Fire Log: July 1 through August 3, 2018

Between July 1 and Aug. 3 the Harvard Fire Department responded to seven car accidents, one gas leak, two possible brushfires, six automatic alarms, six ringing smoke/carbon monoxide (CO) detectors, two medical emergencies, a request to check an oil burner, and one vehicle fire. Lt. Andrew Perry inspected 22 smoke/CO detectors, two oil burner/oil tanks, 10 propane tanks, and one residential sprinkler. He also conducted 24 blasting inspections and six safety inspections, and he issued three dumpster permits. Chief Rick Sicard attended several meetings and participated in a safety drill at the beach on July 24 with fire, ambulance, and beach staff.

Monday July 23
Chief Sicard responded to an automatic alarm at a Depot Road residence at 11:17 a.m. He checked the house but found so sign of smoke, fire, or CO. He advised the homeowner to call the alarm company.

Tuesday, July 24
Lt. Justin Warren conducted training for four new recruits from 7 to 9:30 p.m. on personal protective equipment and the self-contained breathing apparatus.

Wednesday, July 25
Chief Sicard and Lt. Perry responded to an automatic alarm at an Ayer Road business. The alarm was triggered by a power outage.

Thursday, July 26
At 6:22 a.m. seven firefighters responded to a multivehicle crash on Route 2 eastbound, at the end of the entrance ramp. The Harvard ambulance crew took one occupant to the hospital. The fire crew provided scene safety. At 11:19 a.m. the Littleton Fire Department requested the Harvard ambulance to transport a patient from a crash on Route 2 westbound east of Route 495. Three Harvard firefighters responded to support the ambulance crew but were cancelled because Littleton Fire was on scene. At 2:53 p.m. the department was called to a third accident on Route 2. The chief, six firefighters, and a recruit responded to the station; four firefighters went to the scene. The Harvard ambulance took one passenger to the hospital. The car was towed. And at 2:57 p.m. the department received a box alarm from one of the buildings wired into the Harvard alarm system. The three firefighters waiting at the station responded to the Ayer Road building. There was no sign of fire or smoke, and there was also no sign that the box had sent the signal.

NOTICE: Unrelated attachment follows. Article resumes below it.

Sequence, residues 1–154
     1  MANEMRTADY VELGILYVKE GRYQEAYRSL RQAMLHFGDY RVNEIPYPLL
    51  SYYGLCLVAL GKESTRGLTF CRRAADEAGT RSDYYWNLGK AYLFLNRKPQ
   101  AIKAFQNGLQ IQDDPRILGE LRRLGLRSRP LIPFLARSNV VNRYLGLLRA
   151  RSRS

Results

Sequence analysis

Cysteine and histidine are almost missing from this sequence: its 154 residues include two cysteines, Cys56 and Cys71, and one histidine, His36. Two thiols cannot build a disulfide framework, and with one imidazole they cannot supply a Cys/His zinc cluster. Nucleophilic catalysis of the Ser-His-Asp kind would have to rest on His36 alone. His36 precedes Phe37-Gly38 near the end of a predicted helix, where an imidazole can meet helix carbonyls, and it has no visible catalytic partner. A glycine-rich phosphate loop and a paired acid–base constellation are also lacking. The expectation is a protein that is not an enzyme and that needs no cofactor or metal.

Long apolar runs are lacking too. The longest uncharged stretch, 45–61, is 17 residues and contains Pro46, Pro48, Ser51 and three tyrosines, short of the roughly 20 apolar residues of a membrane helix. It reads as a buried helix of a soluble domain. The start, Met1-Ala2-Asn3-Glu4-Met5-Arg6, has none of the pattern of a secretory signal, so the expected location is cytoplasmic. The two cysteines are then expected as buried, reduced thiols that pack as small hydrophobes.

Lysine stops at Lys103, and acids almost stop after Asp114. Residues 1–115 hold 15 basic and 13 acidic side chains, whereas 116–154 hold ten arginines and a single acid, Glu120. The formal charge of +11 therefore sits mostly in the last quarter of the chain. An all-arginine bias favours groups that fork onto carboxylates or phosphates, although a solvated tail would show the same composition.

Friday, July 27
The Police Department called the Fire Department at 8:16 a.m. to assist with a medical emergency in the Delaney Wildlife Management Area on Finn Road. Harvard police—on foot—located the patient. Harvard and Stow firefighters secured the patient in a Stokes basket, and the Stow responders drove the patient to the conservation land parking area in their pickup truck. The patient was transferred to the Harvard ambulance and taken to the hospital. The four Harvard firefighters were back at the station two hours later. At 3 p.m. Lt. Perry and Lt. Warren tested and qualified a firefighter to drive Engine 4. At 3:40 p.m. Engine 4, with three firefighters aboard, diverted to a Depot Road residence when the owner called to report a problem with smoke detectors. The detectors had already been reset when the firefighters arrived; they advised the owner to clean the detectors. Two firefighters and the forestry truck were at the town beach from 6:30 to 9:30 p.m. during the beach bonfire. And at 10:13 p.m. eight firefighters and two recruits responded for a car crash on Route 2 eastbound between Jackson and Ayer roads. Two passengers refused to be taken to the hospital. The firefighters waited until the car was towed.